Shetland’s NAFC Marine Centre is the first training provider in Scotland to deliver a new modern apprenticeship (MA) in sea fishing.
Five Shetland students are on the two-year course, which started last week.
The modern apprenticeship in sea fishing was launched in the UK in 2013 and allows students to undertake their studies while working on a UK fishing vessel.
Jan Rigden, head of Shetland School of Nautical Studies, said: “We are delighted to be able to offer this new course at the centre. The fishing industry is hugely important to the islands’ economy, so it’s crucial that we can provide the next generation of fishermen with the right skills, knowledge and practical experience to embark on a career at sea.
“This course is made up of a mixture of both classroom and practical learning.
“Each student works on board a local fishing vessel so that they can build up their experience and also put the theory that they have learnt into practice.
“Once they have some skills and knowledge from the centre, they will be taking a workbook away to sea in which the boats’ skipper or mate can record their progress as they become more competent.
“We are very grateful to the Shetland skippers for offering placements onboard their vessels.
“This demonstrates their commitment to training the fishermen of the future; the practical experience and collection of evidence of performance on board is an integral part of the programme.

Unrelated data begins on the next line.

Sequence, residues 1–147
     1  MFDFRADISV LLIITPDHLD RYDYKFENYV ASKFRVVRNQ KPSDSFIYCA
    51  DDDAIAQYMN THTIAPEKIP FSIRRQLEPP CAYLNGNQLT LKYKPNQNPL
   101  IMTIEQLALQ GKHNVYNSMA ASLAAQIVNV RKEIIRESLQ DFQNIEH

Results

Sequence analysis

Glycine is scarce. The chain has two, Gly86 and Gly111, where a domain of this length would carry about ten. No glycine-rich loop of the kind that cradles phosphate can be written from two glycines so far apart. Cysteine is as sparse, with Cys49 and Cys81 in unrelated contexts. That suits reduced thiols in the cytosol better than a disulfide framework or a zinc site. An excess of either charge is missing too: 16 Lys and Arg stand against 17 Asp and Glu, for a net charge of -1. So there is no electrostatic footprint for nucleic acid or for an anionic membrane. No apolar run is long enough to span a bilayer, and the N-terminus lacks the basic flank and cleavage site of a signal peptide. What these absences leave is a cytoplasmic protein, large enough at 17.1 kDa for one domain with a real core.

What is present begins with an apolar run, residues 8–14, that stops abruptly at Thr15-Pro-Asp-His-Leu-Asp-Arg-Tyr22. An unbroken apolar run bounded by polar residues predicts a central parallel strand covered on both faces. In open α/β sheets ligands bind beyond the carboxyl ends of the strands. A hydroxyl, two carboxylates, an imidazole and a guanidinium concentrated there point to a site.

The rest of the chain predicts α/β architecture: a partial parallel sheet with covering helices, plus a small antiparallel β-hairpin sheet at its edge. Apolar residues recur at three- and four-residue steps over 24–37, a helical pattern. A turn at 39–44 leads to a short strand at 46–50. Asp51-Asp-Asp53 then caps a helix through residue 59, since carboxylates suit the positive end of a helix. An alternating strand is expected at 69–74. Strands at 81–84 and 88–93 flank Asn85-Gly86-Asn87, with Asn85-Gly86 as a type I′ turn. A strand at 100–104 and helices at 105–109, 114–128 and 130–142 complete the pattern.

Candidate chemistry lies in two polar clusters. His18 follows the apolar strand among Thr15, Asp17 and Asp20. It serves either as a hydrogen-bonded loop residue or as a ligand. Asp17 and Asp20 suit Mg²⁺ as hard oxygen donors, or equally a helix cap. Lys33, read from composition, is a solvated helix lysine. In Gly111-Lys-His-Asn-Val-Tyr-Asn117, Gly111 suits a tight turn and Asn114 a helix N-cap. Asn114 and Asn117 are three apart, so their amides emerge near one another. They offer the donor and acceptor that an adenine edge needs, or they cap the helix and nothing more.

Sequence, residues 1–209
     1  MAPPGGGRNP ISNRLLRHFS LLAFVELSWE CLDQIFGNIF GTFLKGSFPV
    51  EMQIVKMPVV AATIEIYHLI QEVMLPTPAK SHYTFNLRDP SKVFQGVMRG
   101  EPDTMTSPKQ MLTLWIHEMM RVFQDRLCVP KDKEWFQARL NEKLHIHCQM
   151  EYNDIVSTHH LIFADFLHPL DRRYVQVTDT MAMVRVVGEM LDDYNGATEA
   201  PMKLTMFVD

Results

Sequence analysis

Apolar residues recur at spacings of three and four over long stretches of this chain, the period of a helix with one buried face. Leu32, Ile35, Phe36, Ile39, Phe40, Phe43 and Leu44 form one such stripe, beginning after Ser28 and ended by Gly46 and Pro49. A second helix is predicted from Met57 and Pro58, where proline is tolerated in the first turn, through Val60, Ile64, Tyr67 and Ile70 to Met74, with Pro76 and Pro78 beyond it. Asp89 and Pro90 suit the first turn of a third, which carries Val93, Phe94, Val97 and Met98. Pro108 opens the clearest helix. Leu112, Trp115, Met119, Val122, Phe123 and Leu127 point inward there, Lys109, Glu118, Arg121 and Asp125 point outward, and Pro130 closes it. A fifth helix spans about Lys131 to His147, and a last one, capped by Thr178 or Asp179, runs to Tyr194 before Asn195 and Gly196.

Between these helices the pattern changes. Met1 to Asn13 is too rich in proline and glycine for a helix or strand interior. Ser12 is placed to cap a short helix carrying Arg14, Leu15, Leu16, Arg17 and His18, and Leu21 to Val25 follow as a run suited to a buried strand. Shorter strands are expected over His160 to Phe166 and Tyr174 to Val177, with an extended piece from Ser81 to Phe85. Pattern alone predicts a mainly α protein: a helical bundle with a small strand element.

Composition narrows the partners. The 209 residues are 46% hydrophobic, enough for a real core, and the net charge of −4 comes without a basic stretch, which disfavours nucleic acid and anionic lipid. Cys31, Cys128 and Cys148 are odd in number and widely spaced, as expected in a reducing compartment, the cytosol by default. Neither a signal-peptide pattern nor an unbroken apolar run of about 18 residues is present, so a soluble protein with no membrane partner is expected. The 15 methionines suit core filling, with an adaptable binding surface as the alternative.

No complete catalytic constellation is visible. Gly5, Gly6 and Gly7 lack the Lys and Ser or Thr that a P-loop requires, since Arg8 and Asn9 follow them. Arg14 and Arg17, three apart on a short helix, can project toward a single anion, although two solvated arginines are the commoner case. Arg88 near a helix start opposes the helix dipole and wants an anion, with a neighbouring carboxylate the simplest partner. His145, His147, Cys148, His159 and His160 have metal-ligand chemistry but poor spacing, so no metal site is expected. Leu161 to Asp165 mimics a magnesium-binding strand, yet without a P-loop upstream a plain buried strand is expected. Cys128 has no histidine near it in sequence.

“After successfully completing the course, the students will be qualified deck hands. They will have gained valuable safety certificates and will have built up the sea time and experience to progress in their fishing career.”
Fisheries technician, Arthur Johnson, teaches some of the practical elements. He said: “I am currently working with the students on a net mending unit, which is part of the wider modern apprenticeship programme.
“We start off with basic net mending which builds up to more complicated repair problems.
“The class will then move on to a unit which includes net construction where they put a trawl together from scratch, this is a great way of demonstrating how to put together different parts of a trawl, which they may well encounter with everyday net repair aboard boats.
“The plan, if time allows, is to take the boys out on our training vessel, the Atlantia, so that they can see the trawl working and also see how high the net can stand from the headline sensor on the trawl.
“I believe that this is a very effective way of learning. Rather than just explaining to them how to mend, test, and monitor the nets, they get the chance to try it out for themselves, thanks to the fantastic facilities here at the centre.”
Student, Christopher Irvine from Whalsay said: “I decided to do this course because I thought it would be a good way of getting into fishing and gain some good qualifications.
“This modern apprenticeship follows on from the three-week introduction to commercial fishing course which I did last year.
“I enjoy studying at the NAFC Marine Centre; the teachers are great and really helpful. My long term plan would be to build up enough sea time so that I can sit my class one skipper’s ticket.”
Ben Irvine, also from Whalsay, added: “We have just begun our first six-week classroom block and, once that’s finished, we will go back to sea on our training vessels. I’m working onboard the Defiant.
“We have already covered net mending and construction as well as learning Morse code. So far, I’ve found it all really interesting.”